George and Lawrence left Captain Croftan’s house and rented a modest home outside the city on a cliff overlooking the ocean.  After they returned to Virginia, Lawrence died within a year.  George Washington then inherited another six slaves.

When Lawrence Washington’s wife, Anne Fairfax Washington, died in 1761, George Washington inherited Mount Vernon, its 2,500 acres, and Anne’s 18 slaves.  George was sweet on Anne, but the Fairfaxes were Royalists who fled to London after the war and lost their 5 million acres to Virginia. Washington never saw Anne again.  She died in London at age 32.

This is a painting of Virginia Lieutenant Governor Robert Dinwiddie.  Lawrence Washington had introduced George to Dinwiddie, and after Lawrence’s death, Dinwiddie became George Washington’s mentor.

In response to the French expanding into the Ohio Valley, Dinwiddie appointed Washington a Major in the Virginia Regiment and sent him into the Ohio Valley to confront the French.   Washington was only 21 years old.

Washington traveled to Fort Le Beouef near present day Waterford, Pennsylvania, where he met with Captain Jacques Legardeur de Saint-Pierre, the regional commander.  Legardeur politely received Washington but told him the Ohio Valley had been claimed by France, and the French claim was “incontestable.”

George Washington wrote a journal of his experiences exploring the Ohio Valley and his rebuff by the French commander.   Washington’s journal was published in Britain and America, made him a celebrity, and helped instigate the French and Indian War.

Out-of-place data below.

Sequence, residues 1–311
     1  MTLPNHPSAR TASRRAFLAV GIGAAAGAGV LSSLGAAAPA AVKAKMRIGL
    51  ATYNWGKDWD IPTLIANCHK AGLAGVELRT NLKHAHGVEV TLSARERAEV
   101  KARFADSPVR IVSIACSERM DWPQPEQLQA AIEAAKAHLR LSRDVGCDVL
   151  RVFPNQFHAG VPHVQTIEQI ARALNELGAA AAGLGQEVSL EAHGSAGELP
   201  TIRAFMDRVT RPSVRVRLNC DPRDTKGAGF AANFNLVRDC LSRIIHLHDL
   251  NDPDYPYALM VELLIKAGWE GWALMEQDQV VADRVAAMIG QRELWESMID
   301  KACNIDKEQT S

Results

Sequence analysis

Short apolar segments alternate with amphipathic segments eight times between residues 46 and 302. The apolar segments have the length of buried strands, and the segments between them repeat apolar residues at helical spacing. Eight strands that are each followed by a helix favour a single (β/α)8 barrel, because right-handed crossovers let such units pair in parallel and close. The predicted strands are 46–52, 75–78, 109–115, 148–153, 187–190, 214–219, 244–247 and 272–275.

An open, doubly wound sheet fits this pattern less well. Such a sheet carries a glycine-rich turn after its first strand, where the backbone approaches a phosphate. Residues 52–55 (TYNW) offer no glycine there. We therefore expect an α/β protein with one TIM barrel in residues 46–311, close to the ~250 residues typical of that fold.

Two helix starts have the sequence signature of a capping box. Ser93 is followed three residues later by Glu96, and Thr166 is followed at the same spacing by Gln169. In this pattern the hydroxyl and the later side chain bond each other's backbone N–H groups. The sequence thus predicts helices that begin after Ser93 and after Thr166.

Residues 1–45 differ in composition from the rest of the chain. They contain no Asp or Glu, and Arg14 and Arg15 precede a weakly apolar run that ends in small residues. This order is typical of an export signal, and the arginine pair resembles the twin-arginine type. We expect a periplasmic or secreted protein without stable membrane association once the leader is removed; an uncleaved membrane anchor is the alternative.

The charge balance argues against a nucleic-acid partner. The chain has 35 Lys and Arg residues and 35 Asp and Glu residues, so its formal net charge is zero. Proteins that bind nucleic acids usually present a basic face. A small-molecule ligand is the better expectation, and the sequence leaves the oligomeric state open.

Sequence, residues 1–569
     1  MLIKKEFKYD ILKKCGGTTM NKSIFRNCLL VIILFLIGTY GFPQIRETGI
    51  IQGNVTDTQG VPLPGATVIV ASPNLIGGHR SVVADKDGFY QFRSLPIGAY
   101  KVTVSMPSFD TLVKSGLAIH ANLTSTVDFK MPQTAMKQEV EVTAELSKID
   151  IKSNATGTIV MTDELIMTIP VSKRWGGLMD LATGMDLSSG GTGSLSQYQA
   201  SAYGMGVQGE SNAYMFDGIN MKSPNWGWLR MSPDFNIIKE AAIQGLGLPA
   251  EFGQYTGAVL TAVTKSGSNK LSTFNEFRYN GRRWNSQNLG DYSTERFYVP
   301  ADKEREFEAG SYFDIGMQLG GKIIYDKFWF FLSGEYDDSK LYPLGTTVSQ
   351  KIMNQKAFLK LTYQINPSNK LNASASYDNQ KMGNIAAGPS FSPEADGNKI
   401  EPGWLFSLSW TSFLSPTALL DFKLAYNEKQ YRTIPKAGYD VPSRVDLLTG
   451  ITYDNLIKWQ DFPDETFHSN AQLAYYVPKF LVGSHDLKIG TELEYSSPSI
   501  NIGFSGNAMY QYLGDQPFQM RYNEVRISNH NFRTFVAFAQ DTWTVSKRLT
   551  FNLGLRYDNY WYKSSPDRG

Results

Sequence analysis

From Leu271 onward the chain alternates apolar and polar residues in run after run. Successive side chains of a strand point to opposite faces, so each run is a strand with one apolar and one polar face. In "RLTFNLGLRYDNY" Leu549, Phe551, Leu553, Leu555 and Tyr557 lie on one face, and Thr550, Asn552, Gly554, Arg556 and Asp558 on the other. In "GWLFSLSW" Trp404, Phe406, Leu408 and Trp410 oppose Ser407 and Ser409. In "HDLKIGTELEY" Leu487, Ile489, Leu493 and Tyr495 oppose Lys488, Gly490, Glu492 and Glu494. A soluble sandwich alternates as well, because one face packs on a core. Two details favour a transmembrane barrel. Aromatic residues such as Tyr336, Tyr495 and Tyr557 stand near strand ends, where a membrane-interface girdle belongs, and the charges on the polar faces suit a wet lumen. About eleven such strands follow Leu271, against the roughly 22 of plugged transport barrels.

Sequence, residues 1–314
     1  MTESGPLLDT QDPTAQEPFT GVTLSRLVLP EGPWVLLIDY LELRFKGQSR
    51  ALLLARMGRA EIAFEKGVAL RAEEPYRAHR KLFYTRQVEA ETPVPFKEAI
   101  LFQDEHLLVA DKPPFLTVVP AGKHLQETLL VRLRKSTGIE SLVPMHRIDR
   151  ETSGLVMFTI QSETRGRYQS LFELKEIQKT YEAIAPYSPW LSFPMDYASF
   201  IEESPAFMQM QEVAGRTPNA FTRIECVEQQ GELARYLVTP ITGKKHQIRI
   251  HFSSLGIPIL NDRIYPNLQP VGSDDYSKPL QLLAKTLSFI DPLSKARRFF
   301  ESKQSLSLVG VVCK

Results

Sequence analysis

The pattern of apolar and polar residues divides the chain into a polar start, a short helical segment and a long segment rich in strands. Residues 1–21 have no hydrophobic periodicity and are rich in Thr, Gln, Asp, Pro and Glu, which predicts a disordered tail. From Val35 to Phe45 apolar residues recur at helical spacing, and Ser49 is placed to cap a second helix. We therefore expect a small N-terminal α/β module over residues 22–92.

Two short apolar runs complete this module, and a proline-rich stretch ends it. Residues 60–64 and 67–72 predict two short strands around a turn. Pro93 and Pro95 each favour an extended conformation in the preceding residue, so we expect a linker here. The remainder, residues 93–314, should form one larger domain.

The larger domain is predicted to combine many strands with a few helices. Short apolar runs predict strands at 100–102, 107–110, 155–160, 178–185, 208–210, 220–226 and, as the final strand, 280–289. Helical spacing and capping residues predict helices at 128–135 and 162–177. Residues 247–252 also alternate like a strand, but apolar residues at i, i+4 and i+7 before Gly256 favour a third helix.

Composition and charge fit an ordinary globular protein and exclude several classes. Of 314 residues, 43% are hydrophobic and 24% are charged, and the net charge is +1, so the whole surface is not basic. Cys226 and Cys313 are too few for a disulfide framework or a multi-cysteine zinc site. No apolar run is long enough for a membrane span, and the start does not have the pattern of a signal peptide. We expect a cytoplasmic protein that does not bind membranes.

Dinwiddie promoted Washington to the rank of Colonial, and in March 1754, ordered Washington to lead 160 members of the Virginia militia into Ohio.  Dinwiddie wanted Washington to "act on the defensive," but he also clearly empowered Washington to kill and destroy all those who resisted British control.

Washington was ordered to evict the French from Fort Duguesne, a fort the French established at the confluence of the Allegheny and Monongahela rivers where Pittsburgh now stands.

On his way, Washington’s men discovered a French scouting party of 35 men. Washington ordered his men to ambush the scouting party killing 13 including the French commander.  Washington later described his feelings as the bullets whizzed past him, “believe me there is something charming in the sound."

Washington returned to fight the French and gained fame for rallying General Braddock’s regular British troops retreating in disarray during the Battle of the Monongahela.  Washington would later describe Braddock’s troops as “cowardly Dogs of soldiers.”  Washington had two horses shot out from under him, had his coat pierced by four bullets, was the only Virginia militia officer not shot off his horse, and walked away without a scratch.

Finding charm in the sound of bullets whizzing past him reveals Washington had an unusual affection for war.  He led from the front, was reckless with his life, feared nothing, enjoyed the rush of battle, and was just the kind of man who would experiment with marijuana.

This is a map of Ceelys on the James, a plantation owned by Colonel Wilson Cary who was a member of the Virginia House of Burgesses.  Colonel Cary inherited one of Virginia’s largest fortunes.